"My dad definitely helped me," Stokes said when asked how his upbringing has shaped his game. "He didn’t allow me to show emotion growing up, and he was very strict on me. That gave me a presence inside myself to be more of a force."


Force might be the operative word.

A 5-star recruit, Stokes was Martin's biggest coup in his inaugural recruiting class in Knoxville. The pair grew together, player and coach, each playing his part to resurrect a Tennessee program torn apart in wake of the Bruce Pearl scandal. The Volunteers improved their record each of the three seasons Martin and Stokes spent together, with the big man developing from wide-eyed role player to perhaps the SEC's most dominant inside presence.

Stokes increased his scoring, rebounding and assist numbers every year at Tennessee despite exponentially increasing defensive attention. 

As a junior, only Kentucky's Julius Randle had more double-doubles than Stokes' 22. In his one opportunity to play Randle, a virtual lock for the lottery Thursday, he scored 20 points and grabbed 15 rebounds in a narrow loss.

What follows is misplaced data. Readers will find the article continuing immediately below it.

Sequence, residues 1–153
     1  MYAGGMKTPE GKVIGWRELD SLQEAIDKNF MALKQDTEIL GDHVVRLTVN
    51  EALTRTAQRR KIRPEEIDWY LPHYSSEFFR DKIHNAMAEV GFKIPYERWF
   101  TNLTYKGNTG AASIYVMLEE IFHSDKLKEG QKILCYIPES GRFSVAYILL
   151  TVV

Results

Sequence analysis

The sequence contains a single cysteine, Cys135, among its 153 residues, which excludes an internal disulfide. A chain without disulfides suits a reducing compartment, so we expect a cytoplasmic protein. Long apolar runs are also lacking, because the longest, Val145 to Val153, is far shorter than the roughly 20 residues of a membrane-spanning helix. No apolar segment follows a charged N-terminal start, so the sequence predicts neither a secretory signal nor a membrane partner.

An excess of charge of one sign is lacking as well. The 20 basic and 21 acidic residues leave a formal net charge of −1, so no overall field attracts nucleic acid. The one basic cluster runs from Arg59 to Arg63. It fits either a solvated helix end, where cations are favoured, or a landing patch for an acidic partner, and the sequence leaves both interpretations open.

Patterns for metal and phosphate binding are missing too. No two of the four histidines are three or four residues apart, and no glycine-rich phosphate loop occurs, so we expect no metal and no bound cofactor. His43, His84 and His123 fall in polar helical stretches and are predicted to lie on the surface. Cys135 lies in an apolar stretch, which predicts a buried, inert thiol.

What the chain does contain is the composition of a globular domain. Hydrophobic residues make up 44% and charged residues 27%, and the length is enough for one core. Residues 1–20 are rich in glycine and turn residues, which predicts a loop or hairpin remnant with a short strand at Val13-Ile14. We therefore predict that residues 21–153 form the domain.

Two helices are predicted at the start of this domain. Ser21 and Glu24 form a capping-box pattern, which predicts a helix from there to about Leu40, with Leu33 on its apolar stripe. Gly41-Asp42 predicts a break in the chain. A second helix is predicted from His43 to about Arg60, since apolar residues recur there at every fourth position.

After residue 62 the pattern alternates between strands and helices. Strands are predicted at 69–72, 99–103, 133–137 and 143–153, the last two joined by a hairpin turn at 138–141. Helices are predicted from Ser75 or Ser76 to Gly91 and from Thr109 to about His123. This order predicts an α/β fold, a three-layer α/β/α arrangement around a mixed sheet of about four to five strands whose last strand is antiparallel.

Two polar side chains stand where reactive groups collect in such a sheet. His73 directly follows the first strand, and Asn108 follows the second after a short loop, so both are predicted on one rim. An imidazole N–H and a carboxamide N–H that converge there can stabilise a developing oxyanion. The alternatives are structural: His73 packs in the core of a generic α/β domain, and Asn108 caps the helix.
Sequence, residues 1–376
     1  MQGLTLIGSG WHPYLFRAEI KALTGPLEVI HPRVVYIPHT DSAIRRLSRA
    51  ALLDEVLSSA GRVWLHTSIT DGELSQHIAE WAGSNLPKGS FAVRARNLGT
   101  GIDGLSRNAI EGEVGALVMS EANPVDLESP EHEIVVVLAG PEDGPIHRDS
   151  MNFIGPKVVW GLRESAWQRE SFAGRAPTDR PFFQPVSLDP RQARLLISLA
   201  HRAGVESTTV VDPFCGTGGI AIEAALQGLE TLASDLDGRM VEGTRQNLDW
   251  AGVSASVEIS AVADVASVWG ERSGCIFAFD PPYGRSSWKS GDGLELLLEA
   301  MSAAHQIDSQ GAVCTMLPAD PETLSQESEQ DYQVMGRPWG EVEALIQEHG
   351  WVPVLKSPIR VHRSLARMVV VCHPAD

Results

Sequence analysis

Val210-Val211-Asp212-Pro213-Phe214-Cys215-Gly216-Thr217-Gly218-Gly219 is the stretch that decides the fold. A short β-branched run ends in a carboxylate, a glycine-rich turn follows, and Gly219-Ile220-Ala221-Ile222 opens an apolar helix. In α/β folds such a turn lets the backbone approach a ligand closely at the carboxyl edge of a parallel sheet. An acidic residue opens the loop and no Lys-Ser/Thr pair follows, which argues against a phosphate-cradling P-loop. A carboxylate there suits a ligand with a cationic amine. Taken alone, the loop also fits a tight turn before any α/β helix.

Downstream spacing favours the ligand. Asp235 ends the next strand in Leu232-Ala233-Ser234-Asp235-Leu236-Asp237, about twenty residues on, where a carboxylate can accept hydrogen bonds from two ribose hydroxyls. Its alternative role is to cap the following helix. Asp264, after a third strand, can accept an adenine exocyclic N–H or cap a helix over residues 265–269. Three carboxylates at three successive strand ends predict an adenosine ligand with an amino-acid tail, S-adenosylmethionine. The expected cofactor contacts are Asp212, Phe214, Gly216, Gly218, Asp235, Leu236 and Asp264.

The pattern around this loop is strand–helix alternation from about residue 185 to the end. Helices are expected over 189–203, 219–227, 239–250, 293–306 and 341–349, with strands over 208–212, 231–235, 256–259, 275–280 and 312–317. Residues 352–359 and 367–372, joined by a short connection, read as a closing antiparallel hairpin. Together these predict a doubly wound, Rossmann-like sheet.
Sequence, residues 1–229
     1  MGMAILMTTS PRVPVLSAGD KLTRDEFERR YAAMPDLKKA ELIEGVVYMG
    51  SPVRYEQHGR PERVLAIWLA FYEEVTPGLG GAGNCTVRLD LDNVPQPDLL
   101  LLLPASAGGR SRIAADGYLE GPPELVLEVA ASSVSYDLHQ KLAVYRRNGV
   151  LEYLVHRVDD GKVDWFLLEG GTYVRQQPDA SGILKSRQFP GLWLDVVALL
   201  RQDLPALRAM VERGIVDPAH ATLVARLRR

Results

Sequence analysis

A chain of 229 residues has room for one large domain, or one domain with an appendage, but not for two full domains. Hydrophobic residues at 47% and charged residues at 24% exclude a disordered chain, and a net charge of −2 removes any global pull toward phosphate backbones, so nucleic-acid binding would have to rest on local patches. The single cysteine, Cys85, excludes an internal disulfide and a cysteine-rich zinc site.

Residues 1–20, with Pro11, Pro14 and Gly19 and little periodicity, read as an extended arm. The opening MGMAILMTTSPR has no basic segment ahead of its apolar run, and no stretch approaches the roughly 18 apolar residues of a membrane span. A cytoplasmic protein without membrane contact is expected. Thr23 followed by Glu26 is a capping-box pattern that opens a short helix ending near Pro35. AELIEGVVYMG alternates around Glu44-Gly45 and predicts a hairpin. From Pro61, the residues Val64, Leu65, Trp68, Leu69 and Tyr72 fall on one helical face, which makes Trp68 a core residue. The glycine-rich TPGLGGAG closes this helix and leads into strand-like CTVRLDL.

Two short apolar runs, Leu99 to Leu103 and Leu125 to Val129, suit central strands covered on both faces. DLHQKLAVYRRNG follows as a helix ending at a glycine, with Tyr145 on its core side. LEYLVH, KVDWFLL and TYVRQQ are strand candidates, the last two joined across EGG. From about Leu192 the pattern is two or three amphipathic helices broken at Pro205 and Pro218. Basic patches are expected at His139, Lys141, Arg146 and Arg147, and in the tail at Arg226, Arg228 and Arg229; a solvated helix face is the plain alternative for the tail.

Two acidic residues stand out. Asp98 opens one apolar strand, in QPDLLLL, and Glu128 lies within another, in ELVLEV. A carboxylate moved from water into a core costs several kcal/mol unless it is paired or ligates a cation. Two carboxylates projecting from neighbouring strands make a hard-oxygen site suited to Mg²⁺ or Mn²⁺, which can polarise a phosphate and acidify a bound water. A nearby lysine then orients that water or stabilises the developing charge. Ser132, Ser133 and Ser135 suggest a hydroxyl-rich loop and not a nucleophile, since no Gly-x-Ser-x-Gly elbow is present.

LEXINGTON, KY - JANUARY 18:  Julius Randle #30 of the Kentucky Wildcats grabs a loose ball during the game against the Tennessee Volunteers at Rupp Arena on January 18, 2014 in Lexington, Kentucky.  (Photo by Andy Lyons/Getty Images)
Andy Lyons/Getty Images

“Stokes outworked our big guys,” Kentucky coach John Calipari told reporters after the Wildcats' 74-68 win. “He just outworked them. There was a free ball and he got them—almost every one.”

But all the individual accolades were not leading to team success. Tennessee got off to a lackluster 15-10 start, which included losses to Vanderbilt, Texas A&M and UTEP. Unsatisfied with the direction of the program, Volunteer alumni and fans called for Martin's firing—and even the rehiring of Pearl, who remained a popular figure in Knoxville despite his myriad NCAA violations. More than 11,000 people signed a petition to bring in Pearl following a 75-70 loss to Missouri in February.